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Viral genome evolution

Viral genomes are the fastest evolving entities in biology, mainly because of their short replication time and the large quantity of offspring released per cell infected. Evolution occurs by several mechanisms: Random mutation, recombination, reassortment, gene amplification/reduction; and results in quasispecies and defective interfering genomes

Random mutation [genetic drift]:

Virus genomes display a higher mutation rate than cellular organisms. Indeed viral polymerases have a higher mutation rate than cellular polymerases, in particular RNA dependent RNA polymerases. Moreover virus replication process often do not support cellular reparation mecanisms based on double strand repair. This high mutation rate produces often more deficient than infectious genomes, but it allows to evolve rapidly through natural selection.

The mutation rate represents the number of mutations per site per replication. It is different from the substitution rate which is an observed number of mutations fixed in the genome per site per year. Mutation rate and substitution rate differ due to selection pressure .

Recombination by crossing over [genetic shift]:

Virus genome can evolve by recombination. There is two kind of recombination: self recombination and recombination with host.
Self recombination occurs when two viral genomes recombine by homologous crossing over. This happens for DNA viruses and is very common in prokaryotic viruses, but also for RNA viruses or retroviruses. These recombination events can be of evolutionary advantage for the virus when it helps to evade host immune defenses, for example by changing surface protein antigenicity.
Recombination with host or other organism occurs when a viral genome recombine to acquire sequences from another organism. Natural selection can retain acquired sequence if it gives an evolutionary advantage to the virus and mutations can modify its original functions. This event is common in large dsDNA viruses, some eukaryotic viruses even acquired many genes from bacteria.

Segment reassortment [genetic shift]:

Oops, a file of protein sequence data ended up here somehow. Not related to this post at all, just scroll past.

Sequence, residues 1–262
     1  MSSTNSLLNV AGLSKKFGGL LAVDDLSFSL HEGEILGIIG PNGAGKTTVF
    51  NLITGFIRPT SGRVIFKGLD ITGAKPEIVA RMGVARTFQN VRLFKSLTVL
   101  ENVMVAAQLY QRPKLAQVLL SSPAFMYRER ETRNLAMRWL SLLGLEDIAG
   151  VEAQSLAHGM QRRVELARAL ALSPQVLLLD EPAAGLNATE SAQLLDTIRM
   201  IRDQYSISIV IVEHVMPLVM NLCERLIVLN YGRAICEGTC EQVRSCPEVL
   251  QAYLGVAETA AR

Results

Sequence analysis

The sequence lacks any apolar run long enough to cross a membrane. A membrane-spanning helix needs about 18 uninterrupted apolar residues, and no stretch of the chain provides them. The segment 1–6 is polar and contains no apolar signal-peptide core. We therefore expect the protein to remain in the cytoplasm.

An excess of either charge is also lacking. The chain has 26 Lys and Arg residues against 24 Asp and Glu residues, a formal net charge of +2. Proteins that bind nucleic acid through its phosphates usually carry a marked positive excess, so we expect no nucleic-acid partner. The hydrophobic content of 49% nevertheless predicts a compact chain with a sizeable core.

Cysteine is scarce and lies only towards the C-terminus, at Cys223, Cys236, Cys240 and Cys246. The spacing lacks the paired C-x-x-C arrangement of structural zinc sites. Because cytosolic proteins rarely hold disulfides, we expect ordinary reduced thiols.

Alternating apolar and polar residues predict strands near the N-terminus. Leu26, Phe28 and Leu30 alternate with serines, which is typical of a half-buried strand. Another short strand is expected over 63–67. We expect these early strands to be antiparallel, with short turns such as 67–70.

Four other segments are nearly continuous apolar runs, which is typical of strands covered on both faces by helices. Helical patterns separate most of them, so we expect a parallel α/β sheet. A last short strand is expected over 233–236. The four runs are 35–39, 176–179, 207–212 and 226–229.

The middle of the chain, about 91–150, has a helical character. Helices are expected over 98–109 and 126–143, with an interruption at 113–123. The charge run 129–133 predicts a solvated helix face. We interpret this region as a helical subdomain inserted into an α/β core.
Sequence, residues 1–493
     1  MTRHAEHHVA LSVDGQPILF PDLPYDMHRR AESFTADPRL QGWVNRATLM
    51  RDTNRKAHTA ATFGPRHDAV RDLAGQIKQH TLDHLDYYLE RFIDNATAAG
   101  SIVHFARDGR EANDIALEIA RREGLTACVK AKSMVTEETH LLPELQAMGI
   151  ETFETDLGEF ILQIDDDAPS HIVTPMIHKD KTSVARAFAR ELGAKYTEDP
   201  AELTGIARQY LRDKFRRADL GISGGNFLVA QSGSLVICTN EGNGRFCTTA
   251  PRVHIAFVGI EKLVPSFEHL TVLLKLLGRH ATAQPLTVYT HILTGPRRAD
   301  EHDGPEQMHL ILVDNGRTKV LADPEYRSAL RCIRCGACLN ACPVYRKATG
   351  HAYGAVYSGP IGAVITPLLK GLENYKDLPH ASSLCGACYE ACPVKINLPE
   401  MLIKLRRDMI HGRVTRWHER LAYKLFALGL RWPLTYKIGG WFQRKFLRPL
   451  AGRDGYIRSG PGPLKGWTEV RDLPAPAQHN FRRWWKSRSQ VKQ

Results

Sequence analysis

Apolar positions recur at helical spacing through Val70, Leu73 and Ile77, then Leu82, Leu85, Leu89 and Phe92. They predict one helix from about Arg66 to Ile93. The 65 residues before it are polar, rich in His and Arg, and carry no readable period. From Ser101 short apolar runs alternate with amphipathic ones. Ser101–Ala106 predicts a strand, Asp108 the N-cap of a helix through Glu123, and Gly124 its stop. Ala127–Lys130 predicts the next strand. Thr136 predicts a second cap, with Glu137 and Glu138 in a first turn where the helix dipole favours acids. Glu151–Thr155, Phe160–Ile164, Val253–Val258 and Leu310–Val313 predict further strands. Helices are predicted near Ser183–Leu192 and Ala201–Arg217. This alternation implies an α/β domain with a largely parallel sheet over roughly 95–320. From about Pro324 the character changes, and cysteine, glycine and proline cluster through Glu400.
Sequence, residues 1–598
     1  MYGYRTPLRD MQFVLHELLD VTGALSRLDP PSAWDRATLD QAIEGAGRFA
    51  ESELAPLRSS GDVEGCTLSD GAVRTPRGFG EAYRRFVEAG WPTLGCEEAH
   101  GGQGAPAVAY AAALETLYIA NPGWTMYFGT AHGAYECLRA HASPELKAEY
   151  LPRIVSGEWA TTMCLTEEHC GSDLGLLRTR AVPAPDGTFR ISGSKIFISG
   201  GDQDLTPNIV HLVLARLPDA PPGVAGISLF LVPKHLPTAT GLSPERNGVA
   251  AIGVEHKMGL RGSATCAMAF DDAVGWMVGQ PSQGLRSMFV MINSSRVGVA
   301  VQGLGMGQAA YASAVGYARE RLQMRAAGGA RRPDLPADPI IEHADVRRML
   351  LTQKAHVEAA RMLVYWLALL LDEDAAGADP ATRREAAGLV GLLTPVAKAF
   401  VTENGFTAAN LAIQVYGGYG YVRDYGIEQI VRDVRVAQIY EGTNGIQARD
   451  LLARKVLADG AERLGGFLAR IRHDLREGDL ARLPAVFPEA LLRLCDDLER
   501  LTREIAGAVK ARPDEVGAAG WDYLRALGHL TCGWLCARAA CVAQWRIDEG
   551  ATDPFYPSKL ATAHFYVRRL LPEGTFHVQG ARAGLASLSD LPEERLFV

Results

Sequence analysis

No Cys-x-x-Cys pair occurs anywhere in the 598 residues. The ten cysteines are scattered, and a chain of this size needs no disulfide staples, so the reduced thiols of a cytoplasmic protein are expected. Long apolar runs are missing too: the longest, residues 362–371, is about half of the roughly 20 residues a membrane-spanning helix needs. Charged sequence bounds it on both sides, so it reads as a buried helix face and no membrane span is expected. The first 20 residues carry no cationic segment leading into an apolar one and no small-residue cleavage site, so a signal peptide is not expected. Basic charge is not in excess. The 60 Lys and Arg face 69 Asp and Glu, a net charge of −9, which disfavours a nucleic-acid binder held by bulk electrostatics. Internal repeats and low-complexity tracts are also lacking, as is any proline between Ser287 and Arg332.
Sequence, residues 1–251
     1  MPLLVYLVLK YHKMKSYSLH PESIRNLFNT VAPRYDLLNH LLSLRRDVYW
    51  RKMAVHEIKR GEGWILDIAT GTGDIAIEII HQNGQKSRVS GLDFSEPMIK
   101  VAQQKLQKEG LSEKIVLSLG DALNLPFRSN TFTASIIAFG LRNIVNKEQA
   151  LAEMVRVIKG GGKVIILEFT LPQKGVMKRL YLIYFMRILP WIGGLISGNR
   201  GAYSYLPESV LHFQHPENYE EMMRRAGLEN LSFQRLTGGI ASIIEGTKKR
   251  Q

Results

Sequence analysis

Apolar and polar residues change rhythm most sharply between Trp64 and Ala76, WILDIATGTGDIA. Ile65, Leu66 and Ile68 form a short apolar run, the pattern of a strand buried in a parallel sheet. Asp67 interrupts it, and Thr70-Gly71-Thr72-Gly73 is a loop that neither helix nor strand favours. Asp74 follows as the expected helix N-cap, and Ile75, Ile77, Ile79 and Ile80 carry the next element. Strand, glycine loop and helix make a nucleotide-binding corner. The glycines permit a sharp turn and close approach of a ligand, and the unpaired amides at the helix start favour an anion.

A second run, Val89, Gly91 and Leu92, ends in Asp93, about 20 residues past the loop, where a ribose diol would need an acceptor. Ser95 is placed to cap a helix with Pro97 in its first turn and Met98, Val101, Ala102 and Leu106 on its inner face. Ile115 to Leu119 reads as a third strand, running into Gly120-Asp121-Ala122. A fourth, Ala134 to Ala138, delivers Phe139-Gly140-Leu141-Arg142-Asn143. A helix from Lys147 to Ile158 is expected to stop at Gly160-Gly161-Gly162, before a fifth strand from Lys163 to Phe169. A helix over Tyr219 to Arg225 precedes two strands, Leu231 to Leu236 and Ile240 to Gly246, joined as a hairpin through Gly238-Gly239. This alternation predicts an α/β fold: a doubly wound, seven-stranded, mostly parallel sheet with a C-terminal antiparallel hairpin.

Reassortment occurs event when two similar segmented viruses exchange part of their genomes during a cell co-infection. This event occurs in all segmented viruses. It is particularly studied for Influenza virus, since reassortment is the major event giving rise to new flu pandemics.

Gene amplification/reduction

In poxviridae, gene copy number amplification provides an immediate fitness advantage and additional gene copies for potential beneficial mutations. After acquisition of a beneficial mutation, virus genomes are selected that retain advantageous point mutations without the gene expansion, leading to contractions down to a single gene copy.

Consequences of viral evolution:

-Viral quasispecies: The fast and flexible evolution of RNA virus genomes creates population of viruses which are all different, called Viral quasispecies because a single sequence cannot describe accurately the viral population in a single host or even in cell culture.

-Defective interfering virus: Defective interfering viruses (DIs) arise through deletion, rearrangement, or recombination of a competent viral genome. DIs are related to satellite virus, but unlike them they are not conserved by natural selection, they appear and disappear. DIs compete with the viral genome for replication and/or encapsidation factors and therefore tend to attenuate the virus and trigger host antiviral defenses. These defective genome are accumulating in cell culture, where innate antiviral defense is often defective, therefore removing the negative selection of DIs. For example Sendai virus is used in cell culture to induce interferon, eventhough if wild type Sendai is shutting off IFN production. Actually Sendai grown in cell culture is full of DIs, which are very potent to induce innate immunity.